There are four elements to the act of stalking. Firstly, there must be some sort of conduct. Secondly, the course or conduct must be protracted over several acts. Thirdly, the accused must have performed the act or acts with the intention of causing physical or mental harm to the victim, or arousing fear or apprehension in the victim that harm may befall them or another. Finally, the course of conduct must have given rise to that fear. See Thomas v Campbell (2003) 9 VR 136.
Moreover, stalking can be subject to an intervention order and is often relevant in family law proceedings. If you are a victim of or have been accused of stalking it is highly recommended that you contact a lawyer. If you are in immediate danger it is imperative that you contact the police by calling ‘000’.
- Included in this are threats to kill (20);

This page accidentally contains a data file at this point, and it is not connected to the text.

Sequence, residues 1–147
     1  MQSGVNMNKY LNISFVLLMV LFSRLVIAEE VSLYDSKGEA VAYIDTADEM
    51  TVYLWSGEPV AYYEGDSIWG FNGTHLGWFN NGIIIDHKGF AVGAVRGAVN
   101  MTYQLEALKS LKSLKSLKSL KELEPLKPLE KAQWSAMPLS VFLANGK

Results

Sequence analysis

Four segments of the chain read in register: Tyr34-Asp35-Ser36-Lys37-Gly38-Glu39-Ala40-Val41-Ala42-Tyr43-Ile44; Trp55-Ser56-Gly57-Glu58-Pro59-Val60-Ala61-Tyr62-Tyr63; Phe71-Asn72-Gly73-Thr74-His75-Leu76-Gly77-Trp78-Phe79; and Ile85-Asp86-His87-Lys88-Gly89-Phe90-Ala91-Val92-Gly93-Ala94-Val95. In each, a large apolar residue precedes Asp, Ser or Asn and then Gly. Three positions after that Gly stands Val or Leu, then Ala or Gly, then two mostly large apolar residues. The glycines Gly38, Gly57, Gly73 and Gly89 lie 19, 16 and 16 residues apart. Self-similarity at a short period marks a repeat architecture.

- Threats to inflict serious injury (21);
- Extortion with threat to kill (27); and
- Threat to destroy property (28).
What may be considered when analysing whether an act constitutes a threat would be the victim’s relationship with the accused and the context in which the alleged threat was made. A potential defence to any threat made would be lawful excuse (eg. Self-defence of oneself or another). For example, a person threatening to harm another attacker in a hostage situation. The accused must also have relevant intention to send either the letter or communicate the threat. As with the law of assault the threat can also be dispelled by a statement as seen in Tuberville v Savage  EWHC KB J25.
Should you require a lawyer please feel free to contact Grigor Lawyers. It is highly advisable in these matters that you contact a legal practitioner. Grigor Lawyers can can advise and represent you in these matters.